Risner's exploits earned him the award of the Air Force Cross and resulted in his being featured as the cover portrait of the April 23, 1965 issue of Time magazine. The 67th TFS ended its first deployment to Korat on April 26 but returned from Okinawa on August 16 for a second tour of combat duty over North Vietnam.

Shootdown and capture[edit]

On August 12, 1965, U.S. Air Force and Navy air units received authorization to attack surface-to-air missile sites.[25] Initial attempts to locate and destroy the SA-2 Guideline sites, known as Iron Hand missions, were both unsuccessful and costly. Tactics were revised in which "Hunter-Killer Teams" were created. Employed at low altitudes, the "hunters" located the missiles and attacked their radar control vans with canisters of napalm, both to knock out the SAM's missile guidance and to mark the target for the "killers", which followed up the initial attack using 750-pound bombs to destroy the site.[26]

On the morning of September 16, 1965, on an Iron Hand sortie, Risner scheduled himself for the mission[21] as the "hunter" element of a Hunter-Killer Team searching for a SAM site in the vicinity of Tuong Loc, 80 miles (130 km) south of Hanoi and 10 miles (16 km) northeast of the Thanh Hoa Bridge.[n 8] Risner's aircraft was at very low altitude flying at approximately 600 miles per hour (970 km/h),[27] approaching a site that was likely a decoy luring aircraft into a concentration of AAA. Heavy ground fire struck Risner's F-105 in its air intakes when he popped up over a hill to make his attack.[26] Again he attempted to fly to the Gulf of Tonkin, but ejected when the aircraft, on fire, pitched up out of control. He was captured by North Vietnamese while still trying to extricate himself from his parachute.[28] He was on his 55th combat mission at the time.[29][n 9]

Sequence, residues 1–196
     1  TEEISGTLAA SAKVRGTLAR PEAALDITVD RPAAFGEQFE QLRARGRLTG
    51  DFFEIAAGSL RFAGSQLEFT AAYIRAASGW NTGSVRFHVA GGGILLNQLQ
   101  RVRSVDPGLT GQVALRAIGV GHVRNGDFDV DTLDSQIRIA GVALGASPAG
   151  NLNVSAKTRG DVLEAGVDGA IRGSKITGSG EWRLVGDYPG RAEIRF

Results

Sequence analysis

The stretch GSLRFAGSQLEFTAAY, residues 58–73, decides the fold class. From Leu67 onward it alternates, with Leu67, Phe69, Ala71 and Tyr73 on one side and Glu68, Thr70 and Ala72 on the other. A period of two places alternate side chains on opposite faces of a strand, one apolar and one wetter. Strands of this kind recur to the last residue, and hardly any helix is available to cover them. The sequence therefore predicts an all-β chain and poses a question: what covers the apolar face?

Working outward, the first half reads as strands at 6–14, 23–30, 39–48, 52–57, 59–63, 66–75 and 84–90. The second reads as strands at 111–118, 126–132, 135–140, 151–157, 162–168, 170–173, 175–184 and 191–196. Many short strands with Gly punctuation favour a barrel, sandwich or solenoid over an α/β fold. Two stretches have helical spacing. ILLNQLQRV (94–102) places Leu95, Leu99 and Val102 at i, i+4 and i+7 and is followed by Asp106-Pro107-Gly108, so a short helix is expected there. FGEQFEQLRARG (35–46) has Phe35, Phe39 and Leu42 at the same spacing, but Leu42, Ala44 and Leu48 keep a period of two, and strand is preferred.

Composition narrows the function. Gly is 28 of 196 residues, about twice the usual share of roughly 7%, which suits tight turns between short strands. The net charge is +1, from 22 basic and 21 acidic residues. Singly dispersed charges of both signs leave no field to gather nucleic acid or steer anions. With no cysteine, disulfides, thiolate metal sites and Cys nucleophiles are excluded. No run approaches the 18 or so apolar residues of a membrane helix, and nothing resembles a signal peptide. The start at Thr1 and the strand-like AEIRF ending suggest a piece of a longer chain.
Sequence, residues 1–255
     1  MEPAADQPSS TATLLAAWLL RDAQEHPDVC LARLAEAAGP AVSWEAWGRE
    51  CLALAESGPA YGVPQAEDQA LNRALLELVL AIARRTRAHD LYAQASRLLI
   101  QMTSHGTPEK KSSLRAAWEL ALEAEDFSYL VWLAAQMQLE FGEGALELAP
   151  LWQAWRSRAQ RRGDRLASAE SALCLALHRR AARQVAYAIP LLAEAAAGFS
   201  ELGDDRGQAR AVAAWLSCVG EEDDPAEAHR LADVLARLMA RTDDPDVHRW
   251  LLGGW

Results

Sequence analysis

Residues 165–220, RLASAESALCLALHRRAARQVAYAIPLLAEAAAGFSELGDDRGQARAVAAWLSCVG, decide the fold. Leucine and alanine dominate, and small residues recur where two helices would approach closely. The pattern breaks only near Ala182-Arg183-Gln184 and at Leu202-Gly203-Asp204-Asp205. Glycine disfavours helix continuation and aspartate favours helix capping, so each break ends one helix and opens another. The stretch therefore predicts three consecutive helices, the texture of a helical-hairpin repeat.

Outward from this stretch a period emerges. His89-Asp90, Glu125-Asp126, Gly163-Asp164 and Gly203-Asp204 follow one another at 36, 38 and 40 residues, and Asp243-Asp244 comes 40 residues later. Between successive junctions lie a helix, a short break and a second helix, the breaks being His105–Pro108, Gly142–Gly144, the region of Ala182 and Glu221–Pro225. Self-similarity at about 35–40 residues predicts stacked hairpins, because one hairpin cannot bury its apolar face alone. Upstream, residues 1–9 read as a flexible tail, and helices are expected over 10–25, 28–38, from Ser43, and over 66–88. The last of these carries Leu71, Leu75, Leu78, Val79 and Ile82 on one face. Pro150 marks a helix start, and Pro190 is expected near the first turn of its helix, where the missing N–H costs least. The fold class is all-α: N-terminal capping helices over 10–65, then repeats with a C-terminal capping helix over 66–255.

Prisoner of war[edit]

"We were lucky to have Risner. With (Captain James) Stockdale we had wisdom. With Risner we had spirituality."

Commander Everett Alvarez Jr. – 1st U.S. pilot held as a Prisoner of War in Southeast Asia[30]

After several days of travel on foot and by truck, Risner was imprisoned in Hỏa Lò Prison, known as "The Hanoi Hilton" to American POWs. However, after two weeks he was moved to Cu Loc Prison, known as "The Zoo", where he was confronted during interrogations with his Time magazine cover and told that his capture had been highly coveted by the North Vietnamese. Returned to Hỏa Lò Prison as punishment for disseminating behavior guidelines to the POWs under his nominal command, Risner was severely tortured for 32 days, culminating in his coerced signing of an apologetic confession for war crimes.[28][31]

Risner spent more than three years in solitary confinement. Even so, as the officer of rank with the responsibility of maintaining order, from 1965 to 1973 he helped lead American resistance in the North Vietnamese prison complex through the use of improvised messaging techniques ("tap code"), endearing himself to fellow prisoners with his faith and optimism. It was largely thanks to the leadership of Risner and his Navy counterpart, Commander (later Vice Admiral) James Stockdale, that the POWs organized themselves to present maximum resistance.[29] While held prisoner in Hỏa Lò, Risner served first as Senior Ranking Officer and later as Vice Commander of the provisional 4th Allied Prisoner of War Wing.[32] He was a POW for seven years, four months, and 27 days. His five sons had been ages 3 to 16 when he was shot down and imprisoned.[33]